Romeo x Juliet...it was probably my favorite title the season it aired (spring/summer 2007). I really adored it. It's Romeo and Juliet without being Romeo and Juliet. All the characters are there (at least in name), the very basic theme of family rivalry is there (so you can have your star-crossed lovers)...but the similarities end there. There's a boy named Romeo, and he's in love with a girl named Juliet. After that it's a whole new ball game. It does get a bit weird near the end, where the story ventures off into some bizarre, mystical, apocalyptic fantasy mess.... But it holds together with gorgeous animation, a superb score, strong characters, and a tender love story.
Nodame Cantabile Paris Chapter (S2). It's almost over, and while I can't wait for the story to wrap up, I'm also saddened that it's going to end because it's one of the best shows out there.
The Daughter of Twenty Faces was another favorite of mine in the season it aired (spring/summer 2008). This smart, well animated, intriguing story gets rather loss in a mass of moe titles, but it's worth searching out. It's a little Lupin III, and little Detective Conan; toss in some steam punk, old fashioned character designs with modern animation, a strong female lead, and a suspenseful story. It goes from warm and fuzzy to totally brutal in a finger snap, then back again.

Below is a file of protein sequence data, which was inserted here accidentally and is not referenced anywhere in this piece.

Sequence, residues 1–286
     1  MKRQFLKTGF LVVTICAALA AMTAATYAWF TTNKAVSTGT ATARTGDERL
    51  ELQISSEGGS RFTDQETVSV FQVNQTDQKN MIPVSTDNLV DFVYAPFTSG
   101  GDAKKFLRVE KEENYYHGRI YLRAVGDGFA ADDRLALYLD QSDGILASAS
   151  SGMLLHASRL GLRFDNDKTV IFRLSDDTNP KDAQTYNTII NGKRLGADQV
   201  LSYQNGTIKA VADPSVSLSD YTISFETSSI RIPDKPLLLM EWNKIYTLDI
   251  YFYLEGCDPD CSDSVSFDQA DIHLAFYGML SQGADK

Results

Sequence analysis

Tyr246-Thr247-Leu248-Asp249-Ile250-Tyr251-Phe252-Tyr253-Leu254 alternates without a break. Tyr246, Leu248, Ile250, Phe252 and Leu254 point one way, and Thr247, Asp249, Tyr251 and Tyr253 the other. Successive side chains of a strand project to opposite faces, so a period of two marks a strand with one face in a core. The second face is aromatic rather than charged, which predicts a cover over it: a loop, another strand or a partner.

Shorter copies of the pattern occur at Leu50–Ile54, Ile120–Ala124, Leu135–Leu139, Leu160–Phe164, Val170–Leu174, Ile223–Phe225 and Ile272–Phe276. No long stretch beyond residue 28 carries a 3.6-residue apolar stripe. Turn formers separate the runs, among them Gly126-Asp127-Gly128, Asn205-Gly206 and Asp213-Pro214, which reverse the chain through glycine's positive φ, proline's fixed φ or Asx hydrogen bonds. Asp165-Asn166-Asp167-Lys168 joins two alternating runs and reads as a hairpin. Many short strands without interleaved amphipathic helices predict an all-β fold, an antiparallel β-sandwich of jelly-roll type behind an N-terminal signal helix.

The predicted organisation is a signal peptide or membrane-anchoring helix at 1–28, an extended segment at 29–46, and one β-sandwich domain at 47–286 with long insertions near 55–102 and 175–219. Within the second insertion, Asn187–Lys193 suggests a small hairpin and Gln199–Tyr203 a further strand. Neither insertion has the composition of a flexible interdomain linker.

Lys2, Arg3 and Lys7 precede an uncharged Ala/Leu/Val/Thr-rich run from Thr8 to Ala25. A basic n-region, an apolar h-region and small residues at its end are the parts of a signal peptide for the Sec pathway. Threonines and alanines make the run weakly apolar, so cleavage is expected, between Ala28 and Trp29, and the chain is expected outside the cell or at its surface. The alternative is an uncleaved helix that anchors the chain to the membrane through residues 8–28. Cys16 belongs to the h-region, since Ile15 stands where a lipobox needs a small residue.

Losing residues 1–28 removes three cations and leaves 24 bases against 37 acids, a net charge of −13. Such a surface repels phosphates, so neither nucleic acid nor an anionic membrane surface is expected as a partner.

Hayate no Gotoku S2 veers a bit from it's focus on Nagi and Hayate, and focuses more on Hayate and Hinagiku. Nagi practically becomes a background character. As such, the show switched focus from a heavy gag comedy, to having more serious character and relationship development. It's still good, but I miss the feel of the first season.
Gakuen Heaven. All-boys school, all pretty boys, all gay boys. Whoopee. Implausible, absurd, and with a totally uninteresting lead character. Story wasn't much either.
Piano. Slow and dull. Should have been warm and cute. Watch Nodame instead, or even La Corda d'Oro.
Zettai Kareshi live action special. Unnecessary and a little annoying, but it's hard to say "no" to more Hiro Mizushima.
Think that covers everything that I lumped on there. Oh, and PS - Sayonara Zetsubou Sensei is awesome.